September 20, 2023

Get your eyes checked to keep your brain healthy, study says

People with untreated visual impairments were significantly more likely to develop dementia, according to a new study.

Previous studies have shown a link between cognitive and visual health. However, this latest study was unique in the rigor with which vision was assessed and in how representative the sample was, said clinician scientist Dr. Joshua Ehrlich, the lead author of the report published Thursday in the journal JAMA Ophthalmology.

Ehrlich and his coauthors looked at data from the 2021 National Health and Aging Trends Study in the United States and included nearly 3,000 people.

The NHATS interviewers gave individuals in the 2021 study tablet devices with tests for near and far vision and contrast sensitivity, he said.

“We’ve done all the research to make sure the iPad tests are, in fact, equivalent to (the) gold standard test in the doctor’s office, and we’ve implemented this in the homes of thousands of older adults,” says Ehrlich, an assistant professor of ophthalmology and visual sciences at the University of Michigan in Ann Arbor.

The participants, all of whom were over the age of 71, were then screened for dementia using the Dementia Screening Interview, the study said.

Of all persons involved in the study, 12.3% showed signs of dementia. For people with distant visual transmission, that rose to 19.5%; 21.5% for near vision impairment; and 32.9% for people with moderate to severe visual impairment or who were blind, according to the study.

The study showed that even mild visual impairment can increase risk, said Dr. Arielle Silverman, director of research at the American Foundation for the Blind. Silverman was not involved in the investigation.

And the increase for moderate and severe disabilities was significant.

“The potential to increase your risk by two and a half times as a result of having a visual impairment is quite high,” says Dr. Thomas Holland, a physician-scientist at the Rush Institute for Healthy Aging and an instructor of internal medicine at Rush Medical College in Chicago. . Holland was not involved in the investigation.

Which came first?

It’s important to note that because of the way this study was designed, the research team can’t be sure that the visual impairment caused the dementia, only that they were correlated.

Dementia can cause the vision loss, or they can just happen at the same time, Ehrlich said.

There is a similar correlation between hearing loss and dementia, he added. It could be that the impairments reduce input from our senses, leading to some confusion that can accelerate cognitive decline, Holland said.

“If you can’t feel something and know you’re hurting yourself, you’re going to get hurt. That’s just the name of the game. And then the same when it comes to your hearing and your vision,” he added.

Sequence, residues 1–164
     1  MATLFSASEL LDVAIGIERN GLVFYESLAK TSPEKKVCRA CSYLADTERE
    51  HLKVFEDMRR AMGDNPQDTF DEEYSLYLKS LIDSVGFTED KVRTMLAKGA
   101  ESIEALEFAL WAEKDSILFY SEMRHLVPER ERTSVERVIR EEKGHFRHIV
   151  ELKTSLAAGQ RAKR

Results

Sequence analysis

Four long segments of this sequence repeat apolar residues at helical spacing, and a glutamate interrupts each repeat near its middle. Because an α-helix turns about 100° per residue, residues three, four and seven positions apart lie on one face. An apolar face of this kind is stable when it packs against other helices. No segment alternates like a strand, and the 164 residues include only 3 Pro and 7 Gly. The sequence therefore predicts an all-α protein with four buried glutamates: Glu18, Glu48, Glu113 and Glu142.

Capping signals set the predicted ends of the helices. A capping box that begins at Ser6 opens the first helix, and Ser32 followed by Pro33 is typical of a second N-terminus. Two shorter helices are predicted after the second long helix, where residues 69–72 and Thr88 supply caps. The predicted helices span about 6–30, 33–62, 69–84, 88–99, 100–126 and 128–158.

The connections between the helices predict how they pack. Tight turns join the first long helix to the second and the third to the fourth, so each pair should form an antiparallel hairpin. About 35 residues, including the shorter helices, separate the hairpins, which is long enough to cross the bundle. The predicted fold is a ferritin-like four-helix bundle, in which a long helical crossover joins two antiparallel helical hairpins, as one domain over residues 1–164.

Another factor that could lead to the correlation is a potential decrease in opportunity and community participation that may come with vision loss, Silverman said.

The next steps

What should you do about it? Stay on top of eye care, Ehrlich said.

In addition to a healthy lifestyle, annual visits and visual checks are important, Holland added.

And if a problem is found, make sure it gets fixed, Ehrlich said.

“When it comes to low vision and blindness, it is estimated that more than 80 percent is preventable or even reversible,” he added.

After an exam, your eye doctor may recommend a corrective procedure, such as LASIK or cataract surgery, or it could be as simple as wearing prescription glasses, Holland said.

When it comes to dementia, preventive measures are important, and taking care of your senses is an easy way to take care of your cognition, Ehrlich said.

“The sooner the better,” Holland said. “If you notice your eyesight starting to decline, get it checked out.”

But not every case of vision loss is treatable. That’s why it’s important to link visual preventive health with rehabilitation services “so that people who become blind or have low vision can continue to actively live their lives with choice, independence and confidence,” Silverman said.

That could mean developing skills so that people who are blind can continue to move independently and safely through the world, engage in hobbies and do other things that are critical to cognitive health, she added.

“Aging is hard, but vision is something we have a lot of support for,” Silverman said. “If your vision cannot be corrected, seek a referral to a vision rehabilitation therapist for strategies to work with the vision you have, and non-visual techniques to stay engaged in all aspects of your life.”

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